Pallof Lift

A slightly different version of the Pallof press, only lifting the band instead of pressing. This engages the shoulders more than the standard press.

Chop

A great rotational exercise for the core and the hips. You can vary your positions to increase the challenge, and isolate the trunk more by doing it from kneeling, staggered stance, half kneeling. We use this very often.

Lateral Band Walk

Great exercise that strengthens the hip and abductors of the legs.

Band Squat:

A different variation of the traditional squat. Using the band in this sense loads the quads and hips slightly more, creating more stimulus to gain strength.

Banded Deadlift

Another variation of the traditional deadlift, taking more stress off of the joints but still engaging the hips, glutes, quads, and hamstrings.

Try incorporating these exercises into your training regimen to have a more complete in home or gym program. You can increase the sets and reps, or the actual speed of the exercise to increase or reduce the challenge of the exercise!

If you are interesting in having us create a custom training program for you, let’s set up call and see how we might be able to help you!

Train hard. Enjoy !


The Neglected Piece to Better Distance Running Performance

The Neglected Piece to Better Distance Running Performance

Running can be one of the most beneficial exercises that you can do to stay in shape, and stay strong. Some people do it recreationally, competitively, to relax, meditate, or just to maintain or stay in shape.

Running too excessively can cause muscle pain, achy joints, stiff tendons, which will ultimately lead to a decreased performance in your runs.

Aside from just getting rest where needed, one modality that can reduce the negative effects of too much running is strength training.

A true structured program that progressively cycles between strength, power, even maximal strength is enough to not only improve your running times, form, energy preservation during your runs, but also create stronger joints and tendons that will be able to maintain and manage heavy volumes of running.

If I Want to Get Better At Running, Shouldn’t I just Run More??

No not quite. A question that I get asked quite often.

Even for distance runners, there are several forces at work as you run that slowly over time wear down the joints and muscles, that strength training can reduce.

Yes running more can absolutely make you a more efficient runner. After all, practice makes “better”. Your running form, stride and speed technique are aspects of the run that must be done through running.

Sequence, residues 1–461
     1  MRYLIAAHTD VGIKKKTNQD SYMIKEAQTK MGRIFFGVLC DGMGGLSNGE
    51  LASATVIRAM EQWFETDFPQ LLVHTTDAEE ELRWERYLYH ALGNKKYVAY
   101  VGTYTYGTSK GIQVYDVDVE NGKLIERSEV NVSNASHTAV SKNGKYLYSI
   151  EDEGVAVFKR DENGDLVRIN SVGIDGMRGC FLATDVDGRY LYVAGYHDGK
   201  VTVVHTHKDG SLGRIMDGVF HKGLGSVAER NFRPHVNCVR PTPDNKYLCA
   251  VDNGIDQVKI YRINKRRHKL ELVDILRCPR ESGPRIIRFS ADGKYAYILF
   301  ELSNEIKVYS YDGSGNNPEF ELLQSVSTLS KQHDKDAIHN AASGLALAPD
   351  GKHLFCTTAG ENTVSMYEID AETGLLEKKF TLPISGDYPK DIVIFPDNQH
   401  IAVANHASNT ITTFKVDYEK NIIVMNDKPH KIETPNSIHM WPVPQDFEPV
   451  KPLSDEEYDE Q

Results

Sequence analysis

However, creating the forces that propel you forward, and absorb your weight each and every step can directly be enhanced through weight room work.

There are 3 phases to a run:

  • Propulsion Phase
  • Flight
  • Recovery (Absorption)

There is force that is generated to propel the body forward, and there is a reversal force used to stop and quickly redirect the force.

In a freeze frame , you will be able to see that runners will be in the air for a split second immediately following the propulsion. If your are 170lbs, that mean every step, your foot and ankle (knee, hip, trunk included) have to catch that weight and keep it moving forward.

Thus, if you are not as strong as you CAN be, then the effect of the distance can wear you down more quickly since your muscles and joints aren’t primed to generate and absorb the running forces, whether at low or high speeds.

How Strength Ties In

When we talk strength, thinks in terms of generating force.

What resistance training does for the body is stress it temporarily so that later on, the body can handle those stressors more efficiently.

Exercises like squats, lunges, even dumbbell rows are allowing the muscles to not just increase in size, but contract and generate the forces necessary for better movement.

Thus, an untrained (gym) distance runner with 3 years experience may run 5 miles at a certain time, but a runner that is versed in the weight room with the same running experience could be able to have a better time because his muscles won’t wear down as quickly throughout a run.